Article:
If you watched Jammu and Kashmir Chief Minister Omar Abdullah's interview to CNN-IBN, you got ample proof that the States of India are namesake entities created to cushion the Central Government from the backlashes of the people it oppresses.

In the interview, Abdullah was unequivocal in his protest against the Central Government’s decision to hang Afzal Guru, although it was mixed with a lot of verbiage about technicalities and logistics, and although he was visibly under the severe compulsion of sounding politically correct to New Delhi. In India, chief ministers are not allowed to be more than this.

Abdullah’s protest or not, the hanging happened and his State Government is now expected to do all the cleanup and ‘keep the situation under control’. If the ‘situation goes out of control’, it is construed to be Abdullah’s ‘incapability to sustain law and order in the State of Jammu and Kashmir’, and out he goes according to The Book.

And then, in comes the puppet from Rashtrapati Bhavan to rule Jammu and Kashmir in proxy for the Prime Minister of India. In the case of the Congress, the latter can only rule in proxy for the President of the Congress Party; in the case of the BJP, in proxy for the sarsangchalak of the Rashtriya Swayamsevak Sangh.

Since these people have exclusive control over The Gun in India, they have exclusive control over what it takes to ‘keep the situation under control’. Reminiscent of Lord Dalhousie’s Doctrine of Lapse which gave the British Raj the power to take control of States whose rulers were perceived to be ‘manifestly incompetent’ in their rule? Where their ‘manifest imcompetence’ was created by the Raj itself?

‘Generations of Kashmiris will identify with Afzal Guru,’ cautioned Omar Abdullah in the interview. ‘You will have to prove to the world that the death penalty is not used selectively. The onus rests on the judiciary and the political leadership to show that this wasn't a selective execution.’

Abdullah has stated unequivocally that the executed Afzal Guru, whatever the seriousness of his crime from the point of view of the Central Government or the Opposition or chest-thumping nationalists of all hues, is a sort of icon in Jammu and Kashmir, a hero. Now, this is already a problem with the Idea of India that calls for his execution. How can someone be a hero for a State and a villain for the Centre?

If the Idea of India is postulated on awarding the death penalty to the heroes of its States, what kind of a nation are we living in? If a man who, according to the Central Government, is involved in an attack on the so-called temple of Indian democracy (and that's already a problem; some will want the word mosque inserted here!), is a hero in one of its States, what kind of a democracy is it in the first place?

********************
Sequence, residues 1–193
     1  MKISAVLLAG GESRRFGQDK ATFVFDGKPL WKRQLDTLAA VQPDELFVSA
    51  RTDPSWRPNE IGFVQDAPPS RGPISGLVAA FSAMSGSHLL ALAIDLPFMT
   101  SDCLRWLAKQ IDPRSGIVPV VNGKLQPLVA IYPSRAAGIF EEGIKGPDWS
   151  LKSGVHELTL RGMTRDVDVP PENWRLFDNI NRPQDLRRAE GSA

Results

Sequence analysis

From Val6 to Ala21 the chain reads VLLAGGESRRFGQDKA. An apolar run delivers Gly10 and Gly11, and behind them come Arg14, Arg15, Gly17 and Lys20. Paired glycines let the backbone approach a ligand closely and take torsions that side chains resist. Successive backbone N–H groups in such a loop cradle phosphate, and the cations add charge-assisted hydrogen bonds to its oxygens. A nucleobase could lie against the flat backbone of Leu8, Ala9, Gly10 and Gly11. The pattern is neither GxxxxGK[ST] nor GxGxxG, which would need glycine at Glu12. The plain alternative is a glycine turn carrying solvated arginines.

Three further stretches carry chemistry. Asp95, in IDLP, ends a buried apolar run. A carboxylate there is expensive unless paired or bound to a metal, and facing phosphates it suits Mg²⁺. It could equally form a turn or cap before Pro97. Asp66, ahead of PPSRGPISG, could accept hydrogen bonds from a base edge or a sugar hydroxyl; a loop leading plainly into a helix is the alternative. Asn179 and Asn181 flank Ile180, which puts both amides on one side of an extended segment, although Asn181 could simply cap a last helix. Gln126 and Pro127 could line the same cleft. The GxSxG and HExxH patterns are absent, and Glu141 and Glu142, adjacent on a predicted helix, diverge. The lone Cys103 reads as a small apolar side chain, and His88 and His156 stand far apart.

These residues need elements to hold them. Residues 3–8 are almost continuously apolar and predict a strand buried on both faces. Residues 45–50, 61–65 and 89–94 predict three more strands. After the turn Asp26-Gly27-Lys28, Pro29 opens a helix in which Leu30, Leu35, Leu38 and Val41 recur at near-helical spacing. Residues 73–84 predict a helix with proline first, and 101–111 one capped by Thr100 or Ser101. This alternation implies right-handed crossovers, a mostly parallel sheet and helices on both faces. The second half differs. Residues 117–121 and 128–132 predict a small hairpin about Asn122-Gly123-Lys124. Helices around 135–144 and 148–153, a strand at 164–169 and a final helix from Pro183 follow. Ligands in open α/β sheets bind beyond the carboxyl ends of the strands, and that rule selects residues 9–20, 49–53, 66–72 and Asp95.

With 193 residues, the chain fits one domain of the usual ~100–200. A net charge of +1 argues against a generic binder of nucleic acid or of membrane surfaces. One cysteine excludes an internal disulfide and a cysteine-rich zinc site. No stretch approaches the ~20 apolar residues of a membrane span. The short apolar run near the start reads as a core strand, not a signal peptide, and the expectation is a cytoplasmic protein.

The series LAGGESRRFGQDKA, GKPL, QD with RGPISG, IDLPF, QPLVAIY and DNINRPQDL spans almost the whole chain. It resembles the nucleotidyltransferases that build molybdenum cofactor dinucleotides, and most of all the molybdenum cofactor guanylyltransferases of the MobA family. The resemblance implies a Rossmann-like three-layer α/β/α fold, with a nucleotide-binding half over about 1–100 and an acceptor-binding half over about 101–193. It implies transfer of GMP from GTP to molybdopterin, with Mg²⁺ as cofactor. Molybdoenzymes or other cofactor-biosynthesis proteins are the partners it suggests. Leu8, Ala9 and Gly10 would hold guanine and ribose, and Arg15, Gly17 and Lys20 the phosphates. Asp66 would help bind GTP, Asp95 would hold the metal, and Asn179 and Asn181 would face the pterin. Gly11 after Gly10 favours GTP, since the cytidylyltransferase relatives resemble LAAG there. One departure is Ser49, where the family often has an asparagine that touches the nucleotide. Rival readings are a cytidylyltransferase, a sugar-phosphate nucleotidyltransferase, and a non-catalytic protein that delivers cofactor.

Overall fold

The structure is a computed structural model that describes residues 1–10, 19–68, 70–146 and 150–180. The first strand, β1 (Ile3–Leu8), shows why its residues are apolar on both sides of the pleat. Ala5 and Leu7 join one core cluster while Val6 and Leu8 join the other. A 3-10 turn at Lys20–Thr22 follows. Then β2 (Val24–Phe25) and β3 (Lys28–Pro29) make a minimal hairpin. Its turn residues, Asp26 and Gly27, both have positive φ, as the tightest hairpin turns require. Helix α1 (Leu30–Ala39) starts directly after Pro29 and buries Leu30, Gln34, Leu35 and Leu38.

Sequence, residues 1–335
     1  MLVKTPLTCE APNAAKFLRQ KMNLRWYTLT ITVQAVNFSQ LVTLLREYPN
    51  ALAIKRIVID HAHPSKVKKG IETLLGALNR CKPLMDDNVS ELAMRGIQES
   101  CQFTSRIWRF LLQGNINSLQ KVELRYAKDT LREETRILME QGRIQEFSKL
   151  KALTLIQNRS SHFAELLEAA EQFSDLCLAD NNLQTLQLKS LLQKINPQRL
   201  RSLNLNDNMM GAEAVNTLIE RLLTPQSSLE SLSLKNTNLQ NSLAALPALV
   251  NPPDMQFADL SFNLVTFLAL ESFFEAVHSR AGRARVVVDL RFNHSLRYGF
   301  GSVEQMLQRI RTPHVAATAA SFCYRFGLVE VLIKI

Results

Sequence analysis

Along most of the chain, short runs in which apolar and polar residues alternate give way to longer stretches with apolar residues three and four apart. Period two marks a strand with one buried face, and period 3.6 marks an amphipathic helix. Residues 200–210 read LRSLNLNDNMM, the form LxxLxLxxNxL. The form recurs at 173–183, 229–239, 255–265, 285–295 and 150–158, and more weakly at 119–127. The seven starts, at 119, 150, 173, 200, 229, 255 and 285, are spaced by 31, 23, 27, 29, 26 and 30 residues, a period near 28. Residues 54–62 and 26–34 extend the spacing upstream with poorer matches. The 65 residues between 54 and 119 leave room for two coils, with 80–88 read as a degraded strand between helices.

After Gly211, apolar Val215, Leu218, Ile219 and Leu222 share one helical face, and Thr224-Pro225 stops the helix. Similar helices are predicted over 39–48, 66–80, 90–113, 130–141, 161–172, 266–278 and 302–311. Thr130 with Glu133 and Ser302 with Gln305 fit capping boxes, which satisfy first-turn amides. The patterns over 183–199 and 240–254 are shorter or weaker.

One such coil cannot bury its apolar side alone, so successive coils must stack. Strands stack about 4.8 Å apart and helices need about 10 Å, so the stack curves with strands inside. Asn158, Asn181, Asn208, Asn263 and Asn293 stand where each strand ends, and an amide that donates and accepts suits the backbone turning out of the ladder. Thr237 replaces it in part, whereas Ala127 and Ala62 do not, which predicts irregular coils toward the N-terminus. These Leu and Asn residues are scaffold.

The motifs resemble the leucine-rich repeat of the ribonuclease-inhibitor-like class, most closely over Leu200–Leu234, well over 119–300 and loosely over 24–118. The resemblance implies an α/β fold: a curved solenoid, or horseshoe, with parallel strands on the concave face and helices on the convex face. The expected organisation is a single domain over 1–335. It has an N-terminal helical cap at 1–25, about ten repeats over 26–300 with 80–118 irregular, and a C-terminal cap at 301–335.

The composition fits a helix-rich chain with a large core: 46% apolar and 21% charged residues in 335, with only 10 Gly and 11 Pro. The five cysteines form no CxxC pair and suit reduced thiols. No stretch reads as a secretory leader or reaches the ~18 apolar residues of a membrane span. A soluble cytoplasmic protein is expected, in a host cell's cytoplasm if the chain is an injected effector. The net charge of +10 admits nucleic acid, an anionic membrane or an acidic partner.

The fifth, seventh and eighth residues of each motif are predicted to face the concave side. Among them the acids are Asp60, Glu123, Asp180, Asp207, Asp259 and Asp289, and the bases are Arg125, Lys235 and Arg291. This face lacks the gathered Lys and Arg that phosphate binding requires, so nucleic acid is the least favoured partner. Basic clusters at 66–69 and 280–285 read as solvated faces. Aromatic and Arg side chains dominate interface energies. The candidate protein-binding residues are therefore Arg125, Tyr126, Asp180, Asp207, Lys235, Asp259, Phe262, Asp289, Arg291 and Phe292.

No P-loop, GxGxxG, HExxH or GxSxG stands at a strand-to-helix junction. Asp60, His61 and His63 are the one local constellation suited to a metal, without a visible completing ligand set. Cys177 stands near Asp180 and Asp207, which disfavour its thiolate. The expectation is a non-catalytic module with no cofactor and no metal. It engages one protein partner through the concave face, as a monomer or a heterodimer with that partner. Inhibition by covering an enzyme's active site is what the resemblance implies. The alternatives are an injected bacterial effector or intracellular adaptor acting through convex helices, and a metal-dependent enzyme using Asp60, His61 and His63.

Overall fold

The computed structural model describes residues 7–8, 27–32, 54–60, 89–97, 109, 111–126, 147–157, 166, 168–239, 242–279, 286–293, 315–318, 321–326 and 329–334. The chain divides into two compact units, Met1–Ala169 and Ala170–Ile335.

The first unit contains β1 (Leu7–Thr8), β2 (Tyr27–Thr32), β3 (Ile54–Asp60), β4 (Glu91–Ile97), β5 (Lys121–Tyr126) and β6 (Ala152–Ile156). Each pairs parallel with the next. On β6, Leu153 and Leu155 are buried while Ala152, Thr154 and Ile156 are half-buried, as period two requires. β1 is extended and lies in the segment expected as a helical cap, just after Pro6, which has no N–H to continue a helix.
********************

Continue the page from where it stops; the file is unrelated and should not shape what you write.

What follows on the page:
If the chief minister of a democratically elected State Government feels that the judiciary and the political leadership at the Centre are selectively using capital punishment to target the heroes of his State while leaving the heroes of other States roam scot-free, is there equality in India?

How will the Central Government ‘prove to the world that the death penalty is not used selectively’? By executing the heroes of the other States? Indeed, how does Omar Abdullah want this proof to be given to the world? And finally, will the ‘generations of Kashmiris’, who identify with Afzal Guru according to Abdullah, be satisfied if that proof is provided? Will that be equivalent to the rebirth of their hero?

These are tough questions, and the future of morality in India depends on the Central Government not shying away from them or answering them with The Gun. To even begin to answer them without putting the unity and integrity of India at risk from the very outset, not only the Central Government but every Indian will have to realize that Afzal Guru and others who attacked the Parliament House are extreme personifications of the undercurrent of widespread protest against an Idea of India that is fundamentally flawed: one postulated on taking all the power, including the power to decide who is a hero and who is a villain, away from the people and depositing it in the Parliament House in the first place.